Today in History:

1093 Series I Volume XLI-II Serial 84 - Price's Missouri Expedition Part II


I recommended that Saluria be occupied by the rifle section of Hughes' battery, and defended by the 30-pounder Parrott, 18-pounder gun, and another gun, which latter three guns belong to the flotilla in Matagorda Bay; that fifty picked men be sent from the company of 100 conscripts, now at Camp Lubbock, to Hughes' battery; that as many companies of the reserve corps from the Northern Sub-District, not including those ordered to Tyler, may be called out as may be deemed necessary to preserve order; that all the reserve corps in the rest of the State be organized into regiments and battalions and called out at once, and ordered to the coast to relieve as many of the forces of the Provisional Army serving on the coast as can safely be done; that the details from the reserve corps for agricultural purposes, not to exceed one-third of the company, be made in the manner prescribed in General Orders, Numbers 1, from headquarters Bureau of State Troops for the District of Texas; that an officer of experience should be placed in command at Saluria; that in the meantime Lieutenant Colonel O. Steele, of Waul's Legion, now at Victoria, with his command be ordered to take post at Saluria, and Captain Hughes be ordered to take charge of all the artillery at the post of Saluria, subject, of course, to the command of Lieutenant-Colonel Steele; that Lieutenant Colonel D. Showalter's regiment be withdrawn forthwith from Brownsville and ordered to Columbus, to be used by Major-General Walker, if required by him in Texas, otherwise to be ordered to the front.

Whilst on the subject of Texas I deem it my [duty] to state, for the information of the general commanding the department, that I regard it as if the greatest importance that the works at Galveston and Virginia Point should be completed, and that Houston should be fortified with the least possible delay. If the enemy cannot take Galveston he will be compelled to land at some point on the coast at a great distance from Houston, and as that point will be his base, his line of communication can be easily cut whilst he is attempting to carry Houston, the center of the railroads, thus strongly fortified. We have [had] few or no negroes for the last few months. No more troops than those indicated above can possibly be spared from Texas, and they should be rapidly returned to that district should the coast be threatened by a large land force, of which there appears, at present, no danger whatever, Certain rapid communication with New Orleans should give information of a sea expedition in ample time to provide for this. General Wharton should have 5,000 men to operate between Little Rock and Pine Bluff. Where the additional 1,000 cavalry can best be obtained is a question for the judgment of the commanding general of the department. To cross the Arkansas River a pontoon bridge is necessary, and to hold the point of crossing, and for other purposes, the siege train now supposed to be on its way to Alexandria could be used in Arkansas and could be returned to Red River when a rise of water may be reasonably expected.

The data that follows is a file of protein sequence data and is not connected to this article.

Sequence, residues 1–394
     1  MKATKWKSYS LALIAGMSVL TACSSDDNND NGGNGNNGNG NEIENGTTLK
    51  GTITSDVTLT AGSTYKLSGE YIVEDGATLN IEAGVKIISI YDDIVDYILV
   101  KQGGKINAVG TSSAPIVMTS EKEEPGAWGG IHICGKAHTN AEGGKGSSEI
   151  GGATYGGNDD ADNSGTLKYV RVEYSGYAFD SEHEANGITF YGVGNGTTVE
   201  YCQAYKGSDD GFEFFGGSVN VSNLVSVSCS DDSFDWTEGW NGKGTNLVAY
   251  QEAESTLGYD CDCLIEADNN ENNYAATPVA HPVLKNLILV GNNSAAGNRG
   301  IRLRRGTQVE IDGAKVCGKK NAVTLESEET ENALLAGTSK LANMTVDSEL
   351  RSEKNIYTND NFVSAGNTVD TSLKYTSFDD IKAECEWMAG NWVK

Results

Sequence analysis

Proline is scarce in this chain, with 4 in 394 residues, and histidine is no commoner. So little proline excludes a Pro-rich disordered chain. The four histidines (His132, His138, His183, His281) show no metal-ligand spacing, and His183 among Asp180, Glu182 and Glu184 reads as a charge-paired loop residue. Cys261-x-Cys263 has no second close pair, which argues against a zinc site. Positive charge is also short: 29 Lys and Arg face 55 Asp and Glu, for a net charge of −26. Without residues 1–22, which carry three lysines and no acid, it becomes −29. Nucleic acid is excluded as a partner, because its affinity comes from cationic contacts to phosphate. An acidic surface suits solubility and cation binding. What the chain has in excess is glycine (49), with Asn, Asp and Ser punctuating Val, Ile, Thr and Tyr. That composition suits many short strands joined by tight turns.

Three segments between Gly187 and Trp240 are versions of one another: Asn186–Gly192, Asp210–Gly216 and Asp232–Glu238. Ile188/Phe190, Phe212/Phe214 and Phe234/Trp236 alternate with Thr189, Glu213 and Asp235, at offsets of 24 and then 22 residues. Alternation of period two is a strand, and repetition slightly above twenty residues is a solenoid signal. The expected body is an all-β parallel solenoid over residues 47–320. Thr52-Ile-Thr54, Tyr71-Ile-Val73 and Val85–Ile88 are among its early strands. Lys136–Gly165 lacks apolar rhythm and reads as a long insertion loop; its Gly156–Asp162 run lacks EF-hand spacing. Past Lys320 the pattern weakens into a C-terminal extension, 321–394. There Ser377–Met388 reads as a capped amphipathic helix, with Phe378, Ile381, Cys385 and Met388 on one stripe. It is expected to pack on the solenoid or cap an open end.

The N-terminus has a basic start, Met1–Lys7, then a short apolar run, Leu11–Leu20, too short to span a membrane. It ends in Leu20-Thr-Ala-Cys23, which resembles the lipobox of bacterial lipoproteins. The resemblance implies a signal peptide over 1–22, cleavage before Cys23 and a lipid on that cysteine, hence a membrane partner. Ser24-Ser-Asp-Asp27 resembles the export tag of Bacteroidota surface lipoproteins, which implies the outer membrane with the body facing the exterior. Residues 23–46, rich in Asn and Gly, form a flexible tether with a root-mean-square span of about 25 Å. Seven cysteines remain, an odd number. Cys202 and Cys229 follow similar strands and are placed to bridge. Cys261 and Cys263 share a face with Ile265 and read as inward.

I fear the commanding general may think that I am asking too much, but his knowledge, necessarily superior to my own, of the state of affairs in Louisiana and Arkansas will guide his decision upon the propositions contained in this communication. I should be pleased to receive written instructions as to what I am expected to do in Arkansas, and what assistance I am to lend to General Price in his expedition into Missouri.

I have the honor to be, general, very respectfully, your obedient servant,


Major-General, Commanding, &c.